It ought to have been a PfS (as it is now referred to by fans, cognoscenti and insiders) but something happened while I was taking photographs of the cars. That means we will be instead applying aesthetic theory to a car to see what happens.
If you had asked me my opinion of this car, a white Fiesta, in 2003, I would not have been able to say much other than to suggest it was nothing special or wasn’t bad.
Fifteen years later I seem to be in a better position to discuss its merits. Merit number one relates to the fact the car is demanding my attention in ways other cars don’t. When I look at it in a variety of ways (in detail and overall gaze) I am noticing that I am registering a lot of impressions (thoughts) and eye-feelings.
“Eye feeling” is a coinage of my own and refers to a sense that is located in the visual system where light lands on the eye. I can’t put words on the precise feeling – it not that I see a car. It is that this and that bit of the car stimulate sensations of things that are not precisely the same as the geometry parked out there on the street.
If you want to consider an analogy: you know your taste buds tell you “manzanilla” or “Belsazar vermouth“. What you can’t easily say is what precisely characterises those tastes. Eye-feeling is like that e.g. I know I see a line but what is that line doing? That I can’t say.
The Fiesta has a number of characteristics which I detect, based on the eye-feelings the car creates. One, there is a gentle friendliness suggested by some of the radii on the side glass, lamps and grille. Two, the straight lines and same radii suggest an industrial design style which is fairly neutral (though ID products suggest they can be held or touched). Third, the acceleration of the curves of the roof and DLO are in dynamic tension with the important straight line dividing the body side.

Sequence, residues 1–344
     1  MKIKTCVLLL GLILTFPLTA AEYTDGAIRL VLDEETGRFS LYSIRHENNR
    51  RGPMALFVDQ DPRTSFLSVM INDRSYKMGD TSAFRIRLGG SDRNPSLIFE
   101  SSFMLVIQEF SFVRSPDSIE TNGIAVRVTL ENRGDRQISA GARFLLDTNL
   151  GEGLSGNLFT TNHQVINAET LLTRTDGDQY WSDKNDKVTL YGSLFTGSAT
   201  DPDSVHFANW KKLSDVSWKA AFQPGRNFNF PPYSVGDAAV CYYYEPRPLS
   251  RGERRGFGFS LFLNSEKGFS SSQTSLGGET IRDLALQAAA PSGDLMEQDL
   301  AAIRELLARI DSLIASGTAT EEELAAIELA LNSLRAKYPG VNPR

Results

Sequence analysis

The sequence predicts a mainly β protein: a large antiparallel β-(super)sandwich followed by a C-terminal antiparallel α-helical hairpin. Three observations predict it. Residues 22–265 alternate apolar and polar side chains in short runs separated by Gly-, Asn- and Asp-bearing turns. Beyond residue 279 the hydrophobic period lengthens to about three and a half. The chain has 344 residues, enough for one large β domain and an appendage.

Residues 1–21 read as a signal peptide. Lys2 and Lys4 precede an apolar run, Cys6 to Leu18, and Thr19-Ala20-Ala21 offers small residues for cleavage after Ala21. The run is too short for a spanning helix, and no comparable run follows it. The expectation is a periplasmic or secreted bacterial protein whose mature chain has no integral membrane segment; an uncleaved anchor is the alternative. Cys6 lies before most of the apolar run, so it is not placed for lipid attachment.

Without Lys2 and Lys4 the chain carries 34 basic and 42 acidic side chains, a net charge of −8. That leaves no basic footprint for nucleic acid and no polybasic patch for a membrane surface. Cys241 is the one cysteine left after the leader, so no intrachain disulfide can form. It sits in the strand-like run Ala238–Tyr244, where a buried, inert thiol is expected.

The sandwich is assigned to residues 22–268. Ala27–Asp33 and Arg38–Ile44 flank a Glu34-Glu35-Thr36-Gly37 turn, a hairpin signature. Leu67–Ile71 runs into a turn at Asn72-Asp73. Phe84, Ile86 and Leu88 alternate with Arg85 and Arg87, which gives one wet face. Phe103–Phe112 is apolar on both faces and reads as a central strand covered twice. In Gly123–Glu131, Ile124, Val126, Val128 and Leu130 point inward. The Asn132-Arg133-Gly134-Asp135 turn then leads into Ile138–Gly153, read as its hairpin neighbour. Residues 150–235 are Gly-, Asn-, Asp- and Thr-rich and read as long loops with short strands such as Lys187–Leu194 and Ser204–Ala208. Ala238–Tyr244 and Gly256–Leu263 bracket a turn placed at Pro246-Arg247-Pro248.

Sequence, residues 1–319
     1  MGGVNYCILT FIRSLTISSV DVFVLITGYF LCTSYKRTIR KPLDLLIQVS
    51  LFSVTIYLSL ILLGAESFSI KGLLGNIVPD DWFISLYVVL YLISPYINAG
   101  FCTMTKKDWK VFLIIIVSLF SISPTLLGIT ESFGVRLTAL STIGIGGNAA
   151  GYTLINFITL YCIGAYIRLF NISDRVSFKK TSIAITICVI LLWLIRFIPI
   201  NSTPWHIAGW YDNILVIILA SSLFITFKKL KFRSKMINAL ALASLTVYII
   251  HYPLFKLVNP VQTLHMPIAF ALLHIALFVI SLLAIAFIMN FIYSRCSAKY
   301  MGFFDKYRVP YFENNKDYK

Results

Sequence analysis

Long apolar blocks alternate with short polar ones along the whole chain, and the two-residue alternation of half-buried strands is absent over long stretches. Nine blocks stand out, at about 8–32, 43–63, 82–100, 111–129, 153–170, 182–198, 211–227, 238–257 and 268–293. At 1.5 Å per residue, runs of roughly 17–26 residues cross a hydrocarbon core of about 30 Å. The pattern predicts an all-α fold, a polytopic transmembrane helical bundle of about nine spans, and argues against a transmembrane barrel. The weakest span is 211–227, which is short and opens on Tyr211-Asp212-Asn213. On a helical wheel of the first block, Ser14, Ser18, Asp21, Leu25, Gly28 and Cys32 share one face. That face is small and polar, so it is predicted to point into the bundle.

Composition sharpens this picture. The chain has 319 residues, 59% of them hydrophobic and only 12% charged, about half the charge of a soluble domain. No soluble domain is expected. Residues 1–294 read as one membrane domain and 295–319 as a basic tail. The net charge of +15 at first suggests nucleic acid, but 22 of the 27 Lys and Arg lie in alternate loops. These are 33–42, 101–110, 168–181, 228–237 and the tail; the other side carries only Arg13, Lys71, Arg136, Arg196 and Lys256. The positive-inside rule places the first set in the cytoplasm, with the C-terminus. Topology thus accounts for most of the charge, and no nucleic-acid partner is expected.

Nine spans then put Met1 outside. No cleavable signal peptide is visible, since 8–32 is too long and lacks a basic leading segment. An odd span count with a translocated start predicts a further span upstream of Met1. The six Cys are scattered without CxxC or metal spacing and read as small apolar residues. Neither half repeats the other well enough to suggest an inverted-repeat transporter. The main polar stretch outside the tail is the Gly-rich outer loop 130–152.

If you look at the car as whole (the oriental way of looking) there is a fascinating instability created by the curved roof and straight crease line that itself is slanted downward by a small amount.
Here I am going to bring in a reference to Mads Nygaard Folkmann’s** framework for conceiving aesthetics as formulation and construction of meaning. The question is where does the apparently quite functional Fiesta Mk 5 fit in on the framework:
The framework has two axes. On one axis (left to right) we see a parameter relating to the degree of aesthetic content as in how much the object deviates from the bare minimum of functionality towards conscious styling or “form-giving”. My examples of this are are a partially open metal cylinder used as a cup (no surplus) and Spode tea cup on the other.
On the vertical axis we find purely conceptual design (think of Verner Panton’s interiors) versus lifestyle design that is not really about very much. Folkmann provides those two examples.
So let’s place the Ford Fiesta on this framework:
I arrive at this result in the following way. The Fiesta may have quite simple lines and surfaces but it is, miles from being a literal box on wheels (e.g. a Defender). There are subtle accents all over the car such as the accelerating DLO curve, the shape of the lamps, the slant of the body-side feature line etc.